A dispute between tenants of a 109-year-old Capitol Hill building and the building’s new owner was thrust into the spotlight last month when City Council member Kshama Sawant said the situation was an example of why Seattle needs stronger protections against “slumlord” rent increases.
Tenants at The Celeste say the The Stratford Company owners are engaging in “economic evictions” by drastically increasing rents to force people out so the company can renovate the building. One tenant told CHS rents were increasing by $500 for units that were renting for under $1,000 a month.
Stratford’s regional manager Julie Medina pushed back against the economic eviction claims on Tuesday, telling CHS that tenants don’t understand how financial constraints and market pricing work.
“The old owners never increased rents and all we did was bring it to market rent,” Medina said. “You tell me where you can rent a unit on Capitol Hill for $800.”
According to county records, the Project S7 company owned by real estate developer George Webb purchased the 304 E Olive Pl building for $2.4 million in June. Webb’s Stratford Company owns 17 buildings across the Puget Sound, mostly small, older buildings.
On Tuesday, Sawant said that she was aware of tenants complaints at the Celeste and her office would be working with the Tenants Union to help resolve it. Medina said the real culprit for the rent increases is the old property owners as Statford is now being forced to pay for much-needed repairs.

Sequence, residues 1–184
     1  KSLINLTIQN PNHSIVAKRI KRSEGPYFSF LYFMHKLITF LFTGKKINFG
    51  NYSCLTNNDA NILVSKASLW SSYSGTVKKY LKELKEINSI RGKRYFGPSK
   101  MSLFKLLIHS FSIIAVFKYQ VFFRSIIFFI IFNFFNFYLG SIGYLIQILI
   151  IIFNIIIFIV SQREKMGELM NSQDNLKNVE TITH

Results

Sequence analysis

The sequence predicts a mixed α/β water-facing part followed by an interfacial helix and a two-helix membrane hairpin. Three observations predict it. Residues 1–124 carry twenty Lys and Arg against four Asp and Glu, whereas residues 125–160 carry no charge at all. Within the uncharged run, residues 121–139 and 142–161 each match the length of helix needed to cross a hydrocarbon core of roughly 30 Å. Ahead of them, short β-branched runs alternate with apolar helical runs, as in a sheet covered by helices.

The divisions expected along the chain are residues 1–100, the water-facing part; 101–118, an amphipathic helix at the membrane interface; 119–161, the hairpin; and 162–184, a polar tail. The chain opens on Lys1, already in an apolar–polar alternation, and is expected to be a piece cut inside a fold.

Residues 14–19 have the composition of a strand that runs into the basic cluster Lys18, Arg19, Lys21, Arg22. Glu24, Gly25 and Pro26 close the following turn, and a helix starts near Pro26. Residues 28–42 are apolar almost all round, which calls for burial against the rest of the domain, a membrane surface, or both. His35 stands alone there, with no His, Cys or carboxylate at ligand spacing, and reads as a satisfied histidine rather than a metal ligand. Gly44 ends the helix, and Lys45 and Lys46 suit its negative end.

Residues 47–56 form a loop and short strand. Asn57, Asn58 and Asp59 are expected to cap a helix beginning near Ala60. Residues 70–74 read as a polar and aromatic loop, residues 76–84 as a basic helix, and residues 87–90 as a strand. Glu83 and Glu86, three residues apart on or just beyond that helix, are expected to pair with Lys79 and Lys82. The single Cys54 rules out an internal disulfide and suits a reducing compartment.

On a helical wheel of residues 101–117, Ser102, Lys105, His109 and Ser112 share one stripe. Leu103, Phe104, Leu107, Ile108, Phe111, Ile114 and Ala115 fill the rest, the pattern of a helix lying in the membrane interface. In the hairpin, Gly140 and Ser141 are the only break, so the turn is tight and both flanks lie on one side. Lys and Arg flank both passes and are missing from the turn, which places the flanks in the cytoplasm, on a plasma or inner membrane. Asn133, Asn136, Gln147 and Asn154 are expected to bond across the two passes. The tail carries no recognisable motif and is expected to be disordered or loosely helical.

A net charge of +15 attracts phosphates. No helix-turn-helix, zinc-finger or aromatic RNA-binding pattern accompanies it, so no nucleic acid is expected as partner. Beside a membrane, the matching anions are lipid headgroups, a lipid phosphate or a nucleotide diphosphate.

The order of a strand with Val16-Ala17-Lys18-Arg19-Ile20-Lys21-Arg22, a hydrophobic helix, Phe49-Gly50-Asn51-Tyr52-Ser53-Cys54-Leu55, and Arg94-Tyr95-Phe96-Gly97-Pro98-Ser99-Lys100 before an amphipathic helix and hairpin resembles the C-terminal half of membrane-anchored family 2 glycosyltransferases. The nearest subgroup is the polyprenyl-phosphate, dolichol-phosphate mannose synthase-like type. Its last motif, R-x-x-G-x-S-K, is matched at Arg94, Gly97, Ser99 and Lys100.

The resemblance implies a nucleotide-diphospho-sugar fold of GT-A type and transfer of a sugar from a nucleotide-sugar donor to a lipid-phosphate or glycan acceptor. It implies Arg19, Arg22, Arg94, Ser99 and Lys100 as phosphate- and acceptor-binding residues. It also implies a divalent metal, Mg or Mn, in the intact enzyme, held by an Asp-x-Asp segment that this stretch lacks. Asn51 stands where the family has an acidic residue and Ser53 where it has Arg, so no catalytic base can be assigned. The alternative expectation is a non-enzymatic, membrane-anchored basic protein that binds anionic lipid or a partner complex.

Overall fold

Among all the housing upheaval on Capitol Hill, it’s not always clear how one specific landlord or building comes to represent a broader issue. In addition to one Celeste tenant that’s “stirred up” controversy about not being able to break a lease, Medina said Stratford is a victim of unfair scrutiny commonly heaped on companies that purchase and renovate older buildings. Longtime mom-and-pop owners may have well established relationships with their tenants, the type of relationships Medina said large corporations don’t forge.
“We have to make a quick judgement based on our bills,” Medina said. “We don’t have time to get to know your backstories.”
Recently, tenants of the building saw a water shutoff notice from Seattle Public Utilities posted due to delinquent payments. Medina told CHS it was an accounting oversight and the issue was resolved this week. Still, tensions between the tenants and Stratford persist.
“We haven’t been able to get in touch with management,” tenant Breckenridge Lanning told CHS. Lanning and others are currently working with the Tenant’s Union of Washington State to form a tenant’s association, a move that Medina said Stratford has no problem with.
Stratford also manages buildings including the Melrose on the Hill at 1620 Melrose which it purchased in 2006 for $4.5 million before flipping ownership of the building to the Diamond Parking company for $10 million in late 2014. The company also owned the project to redevelop the site of the old Marion Apartments at Pine and Bellevue before the completed six-story apartment building was sold to national apartment developer Equity Residential for $36.1 million in spring of 2014.
The rapid pace of new construction and turnover of older buildings has many Seattle officials claiming housing affordability has become a full-blown “crisis.” In a city booming like Seattle, Medina said rising rents are to be expected, and that means some people will no longer be able to afford it.
“You have that opportunity to go out to Shoreline and other areas. The transit system is awesome in Seattle,” she said. “Lake Forest Park, you’re 15 minutes from downtown on a bus.”